A digital rights group in Ireland condemned legal action taken by the major music labels against an Irish ISP.
Lobby group Digital Rights Ireland warned that attempts by the four largest music labels to hold ISPs accountable for copyright violations committed by users threatens privacy, and Ireland's reputation as an "Internet-friendly country," according to a story on Siliconrepublic.com.
"Internet Service Providers (ISPs) are intermediaries. They are not, in law, responsible for what Internet users do, any more than An Post is responsible for what individuals send in the mail," Digital Rights Ireland chairman, TJ McIntyre, told the online publication.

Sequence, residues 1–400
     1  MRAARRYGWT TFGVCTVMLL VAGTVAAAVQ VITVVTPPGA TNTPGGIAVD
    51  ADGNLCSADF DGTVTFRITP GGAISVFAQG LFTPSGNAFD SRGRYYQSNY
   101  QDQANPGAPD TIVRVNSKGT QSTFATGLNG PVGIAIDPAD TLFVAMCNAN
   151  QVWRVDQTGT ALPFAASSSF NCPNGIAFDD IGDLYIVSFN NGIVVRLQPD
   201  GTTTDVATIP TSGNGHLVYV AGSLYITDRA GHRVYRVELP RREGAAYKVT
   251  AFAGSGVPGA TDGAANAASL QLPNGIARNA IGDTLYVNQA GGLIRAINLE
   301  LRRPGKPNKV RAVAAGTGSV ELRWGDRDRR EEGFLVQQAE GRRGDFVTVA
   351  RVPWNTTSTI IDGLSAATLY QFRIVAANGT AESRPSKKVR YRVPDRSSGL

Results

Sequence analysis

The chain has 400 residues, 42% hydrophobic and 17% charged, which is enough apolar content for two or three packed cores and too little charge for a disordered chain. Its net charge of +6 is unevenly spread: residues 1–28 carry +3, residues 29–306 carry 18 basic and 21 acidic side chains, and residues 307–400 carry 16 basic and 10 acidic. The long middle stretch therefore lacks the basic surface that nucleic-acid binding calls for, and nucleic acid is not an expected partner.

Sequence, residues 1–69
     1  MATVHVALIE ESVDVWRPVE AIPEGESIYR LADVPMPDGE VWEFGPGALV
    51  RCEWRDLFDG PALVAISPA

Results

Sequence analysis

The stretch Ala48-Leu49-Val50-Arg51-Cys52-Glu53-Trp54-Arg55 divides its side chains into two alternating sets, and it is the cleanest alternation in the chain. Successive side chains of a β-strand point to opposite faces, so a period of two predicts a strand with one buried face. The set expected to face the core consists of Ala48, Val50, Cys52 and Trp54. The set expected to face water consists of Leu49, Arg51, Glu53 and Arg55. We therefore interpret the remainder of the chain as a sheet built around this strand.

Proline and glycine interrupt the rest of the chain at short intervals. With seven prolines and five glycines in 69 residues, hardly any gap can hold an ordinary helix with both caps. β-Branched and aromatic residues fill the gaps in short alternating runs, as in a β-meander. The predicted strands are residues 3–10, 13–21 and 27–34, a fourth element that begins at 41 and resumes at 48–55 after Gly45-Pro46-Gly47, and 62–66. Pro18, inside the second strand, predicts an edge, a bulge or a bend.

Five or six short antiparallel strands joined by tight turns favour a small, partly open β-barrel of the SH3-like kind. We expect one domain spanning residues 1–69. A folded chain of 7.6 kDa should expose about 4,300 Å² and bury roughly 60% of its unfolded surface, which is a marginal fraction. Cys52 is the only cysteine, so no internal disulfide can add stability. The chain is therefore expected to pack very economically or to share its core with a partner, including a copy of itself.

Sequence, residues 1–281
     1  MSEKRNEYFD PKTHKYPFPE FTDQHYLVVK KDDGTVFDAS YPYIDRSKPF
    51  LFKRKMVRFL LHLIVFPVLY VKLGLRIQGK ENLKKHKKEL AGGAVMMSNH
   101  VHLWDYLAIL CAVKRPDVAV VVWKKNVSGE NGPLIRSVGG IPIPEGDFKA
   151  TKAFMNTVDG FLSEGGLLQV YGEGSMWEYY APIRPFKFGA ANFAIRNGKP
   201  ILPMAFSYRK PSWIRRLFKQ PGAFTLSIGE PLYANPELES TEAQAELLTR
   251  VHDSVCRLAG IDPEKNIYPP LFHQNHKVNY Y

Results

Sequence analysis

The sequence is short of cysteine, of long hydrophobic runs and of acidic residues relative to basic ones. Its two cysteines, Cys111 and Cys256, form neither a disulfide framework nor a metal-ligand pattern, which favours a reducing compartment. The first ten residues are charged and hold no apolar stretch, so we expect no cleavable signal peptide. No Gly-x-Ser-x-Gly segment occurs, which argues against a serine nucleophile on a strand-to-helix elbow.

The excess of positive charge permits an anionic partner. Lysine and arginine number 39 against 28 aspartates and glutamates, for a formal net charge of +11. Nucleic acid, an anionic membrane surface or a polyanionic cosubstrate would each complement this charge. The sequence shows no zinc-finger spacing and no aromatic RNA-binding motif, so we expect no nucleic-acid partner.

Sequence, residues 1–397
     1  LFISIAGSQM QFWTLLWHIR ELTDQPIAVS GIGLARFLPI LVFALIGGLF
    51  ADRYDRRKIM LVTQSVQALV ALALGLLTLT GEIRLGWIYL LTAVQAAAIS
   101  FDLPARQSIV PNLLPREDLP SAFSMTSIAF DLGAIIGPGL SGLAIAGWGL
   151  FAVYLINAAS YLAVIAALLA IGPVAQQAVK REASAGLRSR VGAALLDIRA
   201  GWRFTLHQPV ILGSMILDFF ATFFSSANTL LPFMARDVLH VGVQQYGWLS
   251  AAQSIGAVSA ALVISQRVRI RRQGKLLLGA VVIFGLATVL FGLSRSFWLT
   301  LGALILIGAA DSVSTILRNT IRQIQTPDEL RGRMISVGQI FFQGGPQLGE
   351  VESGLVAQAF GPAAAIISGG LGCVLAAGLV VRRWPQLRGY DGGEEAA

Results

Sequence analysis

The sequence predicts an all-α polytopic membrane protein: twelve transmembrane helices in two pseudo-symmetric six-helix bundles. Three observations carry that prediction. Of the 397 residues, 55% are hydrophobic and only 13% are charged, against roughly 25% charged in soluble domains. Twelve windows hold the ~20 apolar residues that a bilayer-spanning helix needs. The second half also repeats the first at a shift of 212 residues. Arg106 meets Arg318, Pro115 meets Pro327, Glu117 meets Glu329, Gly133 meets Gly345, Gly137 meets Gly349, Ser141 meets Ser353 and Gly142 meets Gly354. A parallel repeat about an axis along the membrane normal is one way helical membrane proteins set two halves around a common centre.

Universal Music Group, Sony BMG Music Entertainment, Warner Music Group, and EMI Group brought legal action against Eircom, the largest telecommmunications operator in the Republic of Ireland, according to the report by Siliconrepublic.
The labels claim that the ISP has refused to implement a filtering technology by Audible Magic that would block illegal file sharing. McIntyre argued that the content filter would erode privacy of Eircom users.
The idea of requiring ISP's to filter has picked up steam in recent months. Most notably, the manager of rock group U2, called for ISPs to more aggressively scrub copyright-infringing content from their networks.
While Europe has taken more of a regulatory approach, in the U.S. there is a Digital Millennium Copyright Act, which proponents say relieves ISPs from responsibility for copyright violations by users.